By Val Marshall
Val Marshall's cancer journey began in May 2009 when her son Addison was diagnosed with acute lymphocytic leukemia. A visit to the family doctor for what they thought was a simple high school football injury turned out to be so much more.
Inspired by her son's strength and hope, Val strives to be a voice to help connect other parents on this journey. Her series shares insight into her life as a mom of a typical teenager who just happens to be fighting leukemia.
Addison Marshall Crush Cancer
Get on your dancing shoes, Addie!
That was the "shout out" from the nurses' station last week when Addie was given the all-clear to attend prom.
The "village" at MD Anderson hovered more than PTA moms chaperoning a first date. He was hydrated, poked and prodded for three days. Every member of his medical team helped get his white cells up before the limo arrived on Saturday.
One of the most conservative of oncologists asked Addie how he received the elongated bruise on his arm. His reply, "Bow fishing Saturday night." Wrong answer, try again.
When Dr. N asked about the scratch on his eyelid, Addie explained, "Well, you know, when you grease a watermelon and throw it in a pool and your team has to get it to the other side of the pool?" Wrong answer, try again.
Dr. N politely explained how low his blood counts were and the seriousness of being sick with a possible virus, while battling the symptoms of chemo. I thought it was very professional of him to remain stern until leaving the bedside before shaking his head and chuckling, "Oh, Addison, my boy." One fever, one ER admission, three-day hospitalization, 18 units of platelets, two bags of blood, three oncologists, four residents, two fellows, five nurses, three antibiotics, two anti-fungals and a partridge in a pear tree.
Going to prom? Priceless.
I was invited to attend the after-party celebration in Galveston on Sunday morning as a chaperone. I was given permission by Addie and Sarah to attend.
After pictures, two prom moms and I headed to the beach to prepare breakfast for the kids. But on the way we witnessed a serious motorcycle accident and stopped to render aid and call 911.
A sobering scene
All three victims were in shock. We knew not to move a potential back injury, as we held on tight to a hysterical teenager. Having the "calm in a crisis" personality type (read: ha-ha!), I told the dispatcher my maiden name (from 24 years ago) and ran back to the car to grab towels and blankets for the victims. At least I appeared calm and in charge.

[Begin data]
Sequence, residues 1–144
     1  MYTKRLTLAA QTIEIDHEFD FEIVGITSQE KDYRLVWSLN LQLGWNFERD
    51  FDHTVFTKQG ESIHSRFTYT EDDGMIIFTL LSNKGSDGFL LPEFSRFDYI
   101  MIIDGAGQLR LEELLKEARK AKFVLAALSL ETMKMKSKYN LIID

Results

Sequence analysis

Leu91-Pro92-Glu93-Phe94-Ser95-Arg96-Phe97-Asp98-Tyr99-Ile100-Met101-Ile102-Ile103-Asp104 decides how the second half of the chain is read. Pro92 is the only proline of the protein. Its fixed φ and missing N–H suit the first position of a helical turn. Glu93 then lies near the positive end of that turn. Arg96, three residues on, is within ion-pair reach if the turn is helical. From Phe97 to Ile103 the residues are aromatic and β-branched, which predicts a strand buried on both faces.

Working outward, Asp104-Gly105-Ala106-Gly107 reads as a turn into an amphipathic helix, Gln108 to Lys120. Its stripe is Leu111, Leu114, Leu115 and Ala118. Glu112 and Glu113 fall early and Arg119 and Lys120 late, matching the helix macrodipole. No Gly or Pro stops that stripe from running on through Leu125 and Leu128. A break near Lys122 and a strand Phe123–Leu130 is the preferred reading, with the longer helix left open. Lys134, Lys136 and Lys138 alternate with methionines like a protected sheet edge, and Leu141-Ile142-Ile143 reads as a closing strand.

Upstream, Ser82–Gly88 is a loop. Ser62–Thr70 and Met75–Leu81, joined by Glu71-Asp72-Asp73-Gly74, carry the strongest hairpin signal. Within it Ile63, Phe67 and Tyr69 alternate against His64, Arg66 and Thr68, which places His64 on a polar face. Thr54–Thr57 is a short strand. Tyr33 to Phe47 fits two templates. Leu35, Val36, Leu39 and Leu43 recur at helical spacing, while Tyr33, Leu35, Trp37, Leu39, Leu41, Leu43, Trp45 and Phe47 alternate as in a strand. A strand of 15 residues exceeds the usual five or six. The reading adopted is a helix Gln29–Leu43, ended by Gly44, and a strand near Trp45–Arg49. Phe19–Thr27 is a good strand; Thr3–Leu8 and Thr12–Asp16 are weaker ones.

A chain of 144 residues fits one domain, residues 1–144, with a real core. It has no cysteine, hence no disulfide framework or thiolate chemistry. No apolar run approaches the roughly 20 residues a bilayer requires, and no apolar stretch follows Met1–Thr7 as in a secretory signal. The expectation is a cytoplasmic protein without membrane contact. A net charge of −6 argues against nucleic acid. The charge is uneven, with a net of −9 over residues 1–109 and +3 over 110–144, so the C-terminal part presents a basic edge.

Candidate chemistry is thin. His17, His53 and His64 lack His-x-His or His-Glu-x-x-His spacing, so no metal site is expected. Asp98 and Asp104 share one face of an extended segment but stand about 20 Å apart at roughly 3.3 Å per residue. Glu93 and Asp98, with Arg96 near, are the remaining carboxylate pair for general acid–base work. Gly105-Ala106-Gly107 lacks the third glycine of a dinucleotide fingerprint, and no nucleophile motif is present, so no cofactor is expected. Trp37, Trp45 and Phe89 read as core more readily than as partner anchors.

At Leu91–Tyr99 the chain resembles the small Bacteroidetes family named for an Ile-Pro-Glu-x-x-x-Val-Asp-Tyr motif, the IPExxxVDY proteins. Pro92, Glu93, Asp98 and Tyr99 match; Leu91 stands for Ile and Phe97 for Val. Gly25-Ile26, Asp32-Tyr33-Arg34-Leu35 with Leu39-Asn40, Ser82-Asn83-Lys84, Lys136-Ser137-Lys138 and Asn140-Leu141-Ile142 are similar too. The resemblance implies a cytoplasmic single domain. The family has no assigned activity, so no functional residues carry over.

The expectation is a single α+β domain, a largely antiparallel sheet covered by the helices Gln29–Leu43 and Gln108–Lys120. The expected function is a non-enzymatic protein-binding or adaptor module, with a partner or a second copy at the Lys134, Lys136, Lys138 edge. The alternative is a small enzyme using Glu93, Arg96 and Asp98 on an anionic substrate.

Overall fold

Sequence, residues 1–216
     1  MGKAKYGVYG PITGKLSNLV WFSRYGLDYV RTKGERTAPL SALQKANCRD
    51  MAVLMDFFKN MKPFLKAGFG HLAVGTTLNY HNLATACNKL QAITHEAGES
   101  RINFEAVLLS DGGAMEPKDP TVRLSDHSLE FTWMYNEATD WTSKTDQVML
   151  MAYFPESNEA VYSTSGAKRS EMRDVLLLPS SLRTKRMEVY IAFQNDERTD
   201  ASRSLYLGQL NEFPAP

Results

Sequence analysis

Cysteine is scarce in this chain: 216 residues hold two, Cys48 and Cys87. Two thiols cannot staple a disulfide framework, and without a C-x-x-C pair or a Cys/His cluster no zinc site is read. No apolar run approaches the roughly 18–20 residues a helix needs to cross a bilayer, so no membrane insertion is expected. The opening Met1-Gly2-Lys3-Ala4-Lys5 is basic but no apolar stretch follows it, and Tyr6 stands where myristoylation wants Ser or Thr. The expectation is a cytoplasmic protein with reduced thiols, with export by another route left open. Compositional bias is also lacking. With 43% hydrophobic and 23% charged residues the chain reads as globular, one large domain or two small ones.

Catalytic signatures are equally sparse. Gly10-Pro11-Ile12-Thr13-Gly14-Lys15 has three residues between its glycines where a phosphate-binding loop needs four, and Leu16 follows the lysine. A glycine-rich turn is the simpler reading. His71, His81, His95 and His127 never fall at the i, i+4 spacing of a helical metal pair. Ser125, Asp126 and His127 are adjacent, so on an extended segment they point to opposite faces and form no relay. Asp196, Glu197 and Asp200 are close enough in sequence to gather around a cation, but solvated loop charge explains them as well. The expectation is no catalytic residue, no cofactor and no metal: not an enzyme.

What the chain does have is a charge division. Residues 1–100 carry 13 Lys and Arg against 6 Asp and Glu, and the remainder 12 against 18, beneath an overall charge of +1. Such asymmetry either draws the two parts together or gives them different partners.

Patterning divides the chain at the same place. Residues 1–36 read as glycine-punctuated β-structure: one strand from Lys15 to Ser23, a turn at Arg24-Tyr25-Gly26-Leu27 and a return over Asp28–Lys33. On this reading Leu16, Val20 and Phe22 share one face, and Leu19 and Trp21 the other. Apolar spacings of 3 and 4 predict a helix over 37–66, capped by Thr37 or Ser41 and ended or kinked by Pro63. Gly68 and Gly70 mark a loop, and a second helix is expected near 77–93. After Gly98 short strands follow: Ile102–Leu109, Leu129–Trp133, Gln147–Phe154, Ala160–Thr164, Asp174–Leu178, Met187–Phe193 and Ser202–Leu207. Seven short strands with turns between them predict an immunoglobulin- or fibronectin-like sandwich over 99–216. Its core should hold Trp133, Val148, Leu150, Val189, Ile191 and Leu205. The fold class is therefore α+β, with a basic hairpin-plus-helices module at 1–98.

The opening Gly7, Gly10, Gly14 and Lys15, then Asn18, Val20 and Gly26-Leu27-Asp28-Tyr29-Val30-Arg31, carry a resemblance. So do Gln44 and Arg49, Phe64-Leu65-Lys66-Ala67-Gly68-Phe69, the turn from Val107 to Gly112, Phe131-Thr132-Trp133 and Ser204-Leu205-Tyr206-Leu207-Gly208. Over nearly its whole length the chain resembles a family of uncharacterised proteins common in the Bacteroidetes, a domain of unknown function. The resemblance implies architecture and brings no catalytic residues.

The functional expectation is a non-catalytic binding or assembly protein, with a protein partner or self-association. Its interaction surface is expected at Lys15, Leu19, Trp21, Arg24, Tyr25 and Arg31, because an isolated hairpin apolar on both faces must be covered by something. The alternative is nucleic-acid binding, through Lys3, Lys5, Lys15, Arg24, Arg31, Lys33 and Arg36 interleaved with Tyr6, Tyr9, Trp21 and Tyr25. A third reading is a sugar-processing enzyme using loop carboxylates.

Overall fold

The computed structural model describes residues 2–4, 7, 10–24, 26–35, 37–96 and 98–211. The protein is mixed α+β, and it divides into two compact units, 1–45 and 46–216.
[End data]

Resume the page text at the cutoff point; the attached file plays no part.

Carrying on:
EMS arrived quickly and we began to leave the scene.
I walked over to pick up my now bloodied "Mary" blanket that was given to me by a close friend in Louisiana post-Katrina. I had told her I would think of her every time I snuggled with "her" blanket.
An emotional snuggle blanket
Mary's blanket accompanied us on every overnight at MD Anderson this year. The patient rooms can be a frozen tundra, and it was also an emotional snuggle blanket. I would wake in the middle of many a night and cover Addie with this special gift.
As I walked over to retrieve my blanket, the police officer picked it up and gingerly placed it under the woman's bent knees. I was startled, but looked at Vicki and we both commented at the same moment that this was God's way of telling me I didn't need Mary's blanket anymore.
Addie has only one more hospital stay left. It was time to pay it forward and help the next family whose life had changed in an instant.
Faith, friendship restore warmth and calm
I know it sounds pathetic, but signs from heaven keep me hopeful that cancer treatment will one day not be the center of our vernacular.
Michelle, Vicki and I were shell-shocked as we arrived late at the beach to begin preparing for the prom procession. Within a few moments, they had wrapped me with fleece blankets to replace my treasured Mary blanket. The circle of friendship when you are shivering is the greatest blankie ever created.
We prayed for the injured and sighed with relief as our prom revelers rolled in, excited but exhausted.
Seeing Addie experiencing a slice of normality was a sweet cherry on top of an emotional week. To see him packed in ice on Monday and dressed up in a tux on Saturday gave the week a bipolar shading that made both of us so appreciative of modern medicine.
My oldest son, Jack, dedicated his weekend to packing and moving Austin back home after graduating from Texas A&M.
I'd like to devote this blog post to the dedicated moms of prom who organized, cooked, cleaned, returned tuxes, took pictures and stayed up way past bedtime to ensure that Prom 2011 was a night to be remembered.